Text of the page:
KARMAH, Iraq (Sept. 14, 2009) -- The opening of the first of two dozen new and refurbished schools and a new meeting place were celebrated Sept. 9, in an area northwest of Baghdad thought by many to be lost to poverty and violence.

A group of influential sheikhs, government and Iraqi Security Force officials joined U.S. Marine and Army leadership for the opening ceremony.

The Karmah School for Girls was opened along with a diwan for the sheikh council and city council of Karmah, both part of a larger civil affairs initiative in the Karmah region, said a spokesperson for the projects.

Sheikh Lawrence, a prominent sheikh who has been very involved with ISF and U.S. Marine Corps civil affairs teams since the schools project began in early May, thanked attendees for their support.

"We've seen the first school open this week, and God willing, we will see one more open every week," said Lawrence.

The sheikh also thanked Sheikh Aifan, who sits on the Al Anbar provincial council, for showing his support for the projects by attending.

"Karmah was forgotten for a long time, and this is everyone's fault," said Aifan, who promised to represent the area's residents in the provincial government. "Karmah sacrificed a lot. It has given many sons," he said.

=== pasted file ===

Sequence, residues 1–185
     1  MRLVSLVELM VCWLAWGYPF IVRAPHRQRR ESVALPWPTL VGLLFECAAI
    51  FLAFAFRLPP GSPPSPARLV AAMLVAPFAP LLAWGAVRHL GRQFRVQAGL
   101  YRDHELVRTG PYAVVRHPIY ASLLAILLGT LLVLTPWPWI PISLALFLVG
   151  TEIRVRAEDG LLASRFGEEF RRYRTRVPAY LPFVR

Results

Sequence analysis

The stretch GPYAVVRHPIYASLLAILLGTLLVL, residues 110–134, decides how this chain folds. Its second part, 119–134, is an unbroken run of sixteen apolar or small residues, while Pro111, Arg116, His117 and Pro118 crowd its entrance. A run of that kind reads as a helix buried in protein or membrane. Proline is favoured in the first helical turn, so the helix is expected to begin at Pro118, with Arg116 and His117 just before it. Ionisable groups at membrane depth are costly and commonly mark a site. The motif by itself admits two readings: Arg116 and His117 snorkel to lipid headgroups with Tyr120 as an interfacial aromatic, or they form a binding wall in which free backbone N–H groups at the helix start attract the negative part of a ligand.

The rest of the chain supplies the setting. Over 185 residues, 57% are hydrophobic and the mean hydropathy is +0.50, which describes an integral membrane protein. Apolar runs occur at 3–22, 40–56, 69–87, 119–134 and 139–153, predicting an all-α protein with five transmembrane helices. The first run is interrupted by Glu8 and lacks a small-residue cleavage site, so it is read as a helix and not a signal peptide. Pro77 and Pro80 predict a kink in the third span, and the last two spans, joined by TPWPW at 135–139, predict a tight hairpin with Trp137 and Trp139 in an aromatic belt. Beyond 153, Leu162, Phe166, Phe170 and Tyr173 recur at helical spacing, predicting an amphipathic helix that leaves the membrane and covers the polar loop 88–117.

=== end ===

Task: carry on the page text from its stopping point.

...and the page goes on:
Just over a year ago in Karmah, the blast from a suicide bomb attack killed a Marine battalion commander, along with two other Marines, two Iraqi interpreters, the mayor and several key tribal figures at an engagement just prior to the formal handover of security in Al Anbar province to Iraqis.

In a nod to the projects' effect of reducing violence in Karmah, Marine Col. Matthew Lopez, commander of Regimental Combat Team 6, thanked the sheikhs for peace on behalf of the Marines, Soldiers and ISF.

"I have great respect for many of the men in this room. They taught me so much and it was an honor to be part of this," said Lopez.

The openings come during a period of transition for U.S. forces in Al Anbar province, as Marines of Regimental Combat Team 6 and 8 are being relieved by U.S. Army Soldiers of 1st Brigade, 82nd Airborne Division.

Sgt. 1st Class David Lowry, who is the noncommissioned-officer-in-charge of civil affairs for the brigade and who attended the openings, said the ISF and Army will finish what the ISF and Marines started.

For the more-than-three-dozen ongoing school and water projects begun in the Karmah area by the ISF and Marine partnership, the Marine civil affairs planners and their Army counterparts are working hard to enable a seamless transition, he said.

Karmah Mayor Ahmad Khalaf said to Col. Mark Stammer, the brigade commander, "All the faces you see here are people who support you."

(Spc. Michael J. MacLeod, serves with public affairs for the 1st Brigade, 82nd Airborne Division, Multi National Force - West Public Affairs.)